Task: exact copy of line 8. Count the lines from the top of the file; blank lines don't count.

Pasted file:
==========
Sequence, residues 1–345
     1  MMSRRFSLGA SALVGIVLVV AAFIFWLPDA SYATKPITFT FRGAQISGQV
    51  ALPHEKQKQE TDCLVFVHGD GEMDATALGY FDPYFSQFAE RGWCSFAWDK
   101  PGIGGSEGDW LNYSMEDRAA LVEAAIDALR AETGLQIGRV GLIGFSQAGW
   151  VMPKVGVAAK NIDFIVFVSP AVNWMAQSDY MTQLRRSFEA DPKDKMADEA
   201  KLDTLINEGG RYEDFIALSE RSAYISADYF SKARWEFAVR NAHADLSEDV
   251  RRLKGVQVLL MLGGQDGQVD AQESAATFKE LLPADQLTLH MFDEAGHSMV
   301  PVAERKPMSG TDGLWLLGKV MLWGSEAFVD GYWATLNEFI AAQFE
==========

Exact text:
   301  PVAERKPMSG TDGLWLLGKV MLWGSEAFVD GYWATLNEFI AAQFE